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Waterline Blues? Build that bottom!

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  • Member since
    October 2019
  • From: New Braunfels, Texas
Waterline Blues? Build that bottom!
Posted by Tanker-Builder on Saturday, February 26, 2022 7:37 PM

Hey ya'll;

         Been readin all over da place and caught more comments on the Full Hull/Waterline Hull dilemna. What I started doing out of disgust . Thet is doing some research and getting a publication of ships and (At the Library) check for waterline and bottom drawings. Then I copy that page and take my little jewels home and anlarge them to the size I need.

         YUP ! this gives me the keel profile.That coupled with a few pieces of Donut Box( The Non Greasy side) I create frame patterns right on the ship. Now of course my education covered this part of ship design. So I just use common sense for above the waterline, but if the ship had an anti-Torpedo bulge it would be a flin ledge just above the waterline.In 1/350 a wee bit more.

           This feature would fade at the beginning of the Bilge curve.The curve of the ship from side to bottom. Bill Morrison and a few others know where I refer to. Revell's bottoms ( where they had them) are grossly innacurate where that curve is concerned.Especially on their warships! Trumpy gave us a good option with the U.S.S. North Carolina.But their instructions for that left me wondering where they had their heads when they edited it!

            You never build the upper works, then install the bottom! I hope this didn't carry over to their 1/700 models for goodness sake! This could result in some upset modelers! Try the Keel Frame build method.You can skin the bottom with strips( Evergreen H.O scale 2x4 and 2x8 strips set the edges well and you won't have to sand much . The biggest help is the bottom, if built Off the ship and then relocated to the hull will allow you to strengthen the seams with thin dribbles of Sproo-Gloo.

           The method is simple. Locate a .020 keel shape and make sure you install a few locator pins ( plastic) that keep it in a straight line. Make your frame patterns. Then remove the keel. Remove the locator pins after you have cut and numbered all the frames from the bow to stern( Both sides.) The numbering goes as follows Port bow 1, Starboard ( same frame) 2 and so on. The frames at the stern will come the last standard frame like a sunburst pattern gradually moving from center to full stern.

            Try it, You'll like it! Because with the locator pins removed the part touching the table will be perfectly straight.Especially if you build it on a piece of Glass( the one you use for other modeling will work.)




  • Member since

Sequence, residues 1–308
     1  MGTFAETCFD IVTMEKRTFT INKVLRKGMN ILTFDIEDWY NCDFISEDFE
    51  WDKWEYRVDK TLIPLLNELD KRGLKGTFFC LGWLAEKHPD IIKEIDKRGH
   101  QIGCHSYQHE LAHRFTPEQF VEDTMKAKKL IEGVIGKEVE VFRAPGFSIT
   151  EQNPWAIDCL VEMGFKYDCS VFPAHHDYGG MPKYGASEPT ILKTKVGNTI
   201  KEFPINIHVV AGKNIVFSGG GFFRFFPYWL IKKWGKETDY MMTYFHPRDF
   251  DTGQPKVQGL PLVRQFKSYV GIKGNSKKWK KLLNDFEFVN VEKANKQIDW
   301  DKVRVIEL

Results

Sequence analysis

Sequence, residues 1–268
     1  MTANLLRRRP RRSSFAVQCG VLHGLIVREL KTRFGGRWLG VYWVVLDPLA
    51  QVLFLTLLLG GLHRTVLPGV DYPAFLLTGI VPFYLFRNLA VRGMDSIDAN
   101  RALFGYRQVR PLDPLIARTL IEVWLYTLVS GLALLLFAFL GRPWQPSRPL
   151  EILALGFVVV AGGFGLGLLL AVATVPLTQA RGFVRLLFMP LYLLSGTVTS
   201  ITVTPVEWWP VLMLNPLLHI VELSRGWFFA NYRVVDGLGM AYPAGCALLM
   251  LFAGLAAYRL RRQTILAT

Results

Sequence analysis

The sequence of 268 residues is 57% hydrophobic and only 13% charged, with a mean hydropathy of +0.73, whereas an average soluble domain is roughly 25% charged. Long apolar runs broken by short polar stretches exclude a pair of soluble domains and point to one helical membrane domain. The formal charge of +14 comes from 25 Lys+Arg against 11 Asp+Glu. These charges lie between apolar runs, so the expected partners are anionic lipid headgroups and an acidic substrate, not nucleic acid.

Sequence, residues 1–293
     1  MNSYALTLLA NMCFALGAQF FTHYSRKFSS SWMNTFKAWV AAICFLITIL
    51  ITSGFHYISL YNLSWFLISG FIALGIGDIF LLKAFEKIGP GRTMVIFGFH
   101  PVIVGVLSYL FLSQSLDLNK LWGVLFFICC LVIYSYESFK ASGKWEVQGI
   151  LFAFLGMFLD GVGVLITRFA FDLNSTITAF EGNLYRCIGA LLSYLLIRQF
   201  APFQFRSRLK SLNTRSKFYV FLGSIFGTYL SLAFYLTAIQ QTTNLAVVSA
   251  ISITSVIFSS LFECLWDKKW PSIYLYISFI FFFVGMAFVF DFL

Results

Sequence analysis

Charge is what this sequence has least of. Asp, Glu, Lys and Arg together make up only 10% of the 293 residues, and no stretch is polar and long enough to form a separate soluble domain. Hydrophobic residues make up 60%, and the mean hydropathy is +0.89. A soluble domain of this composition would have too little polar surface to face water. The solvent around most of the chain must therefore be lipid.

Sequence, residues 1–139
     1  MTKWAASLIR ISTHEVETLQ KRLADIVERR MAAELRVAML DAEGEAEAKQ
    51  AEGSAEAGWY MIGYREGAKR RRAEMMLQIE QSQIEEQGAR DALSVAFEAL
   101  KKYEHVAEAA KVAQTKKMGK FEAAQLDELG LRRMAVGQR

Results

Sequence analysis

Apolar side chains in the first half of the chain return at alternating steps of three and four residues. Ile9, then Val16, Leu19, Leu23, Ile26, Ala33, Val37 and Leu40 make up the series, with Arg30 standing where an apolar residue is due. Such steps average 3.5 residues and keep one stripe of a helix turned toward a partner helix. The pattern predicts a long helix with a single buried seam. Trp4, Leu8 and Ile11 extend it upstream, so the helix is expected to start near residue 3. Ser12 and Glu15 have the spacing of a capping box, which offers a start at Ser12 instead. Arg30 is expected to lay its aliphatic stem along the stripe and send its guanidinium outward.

January 2021
Posted by PFJN2 on Sunday, February 27, 2022 5:07 PM


That not a bad isea and with a little care and understanding of what typical underwater hulls normally look like you could probably come up with a very reasonable approximation.

One smallissue that I have found on some full  hull kits, is in way of the stern.  Usually it is vary minor but sometimes, like on the Airfix HMS Tiger cruiser model and the Aurora USS Iwo Jima kit it appears that they taper in the hull just a little too much right brefore the stern, so that the design waterline ends up with a small "inflection"in it right before the stern, or even a "small tail shape" like shown below.

Waterline ShapAft

Usually, the inflection is so small on most models where I have noticed it that you can ignore it, and probably no one will notice, though you can also probably fill the inflection in with putty if you want to.  And if you are making the underwater hull from scratch it is ususally pretty simple to "fill in" the shapes there just a little to make the waterlines a little more (hopefully) "realistic" looking (I believe).

On the topice of models with potentially unrealistic underwater hulls, other than the Revell Flat Bottom models that you mentioned, the most unrealistic under water hull that I have seen on a kit recently is on the Heller 1/400 scale La Fayette class frigate model.  In profile and from the stern the shapes look reasonable but from any other angle you can readily see issues.  I don't know if they were in a rush to get the ship kitted (i heard another company was working on a reisn kits at the time but cancalled their plans when Heeler came out with their injection model kit.  

If you look at the bow, on the La Fayette, like most other concentional displacement hulls, the waterline will come to a fairly narrow shape before being rounded off (or more correctly I guess, tapered off in a very small elliptical shape).  On the Heller Kit though they do a fairly straight tapering of the bow shape from its fairly rounded deck down to the forefoot, leaving the "design waterline" end being very blunt, as shown below.


Near the stern the mold makers appear to have gotten the profile correct (showing a skeg) bu they appear to have just kind of "scalloped out" the rest of the stern aft of that, so that instead of a "skeg" they underwater hull is just very wide at one point and then just gets chopped away, as shown below.  From information that I have seen on the La Fayette as well as other similar ships the "sections aft here should really look more like a "wine glass" with a broad upper section and a narrow lower "stem"/skeg.


Sorry, hope  I didn't  derail the intent of your post.



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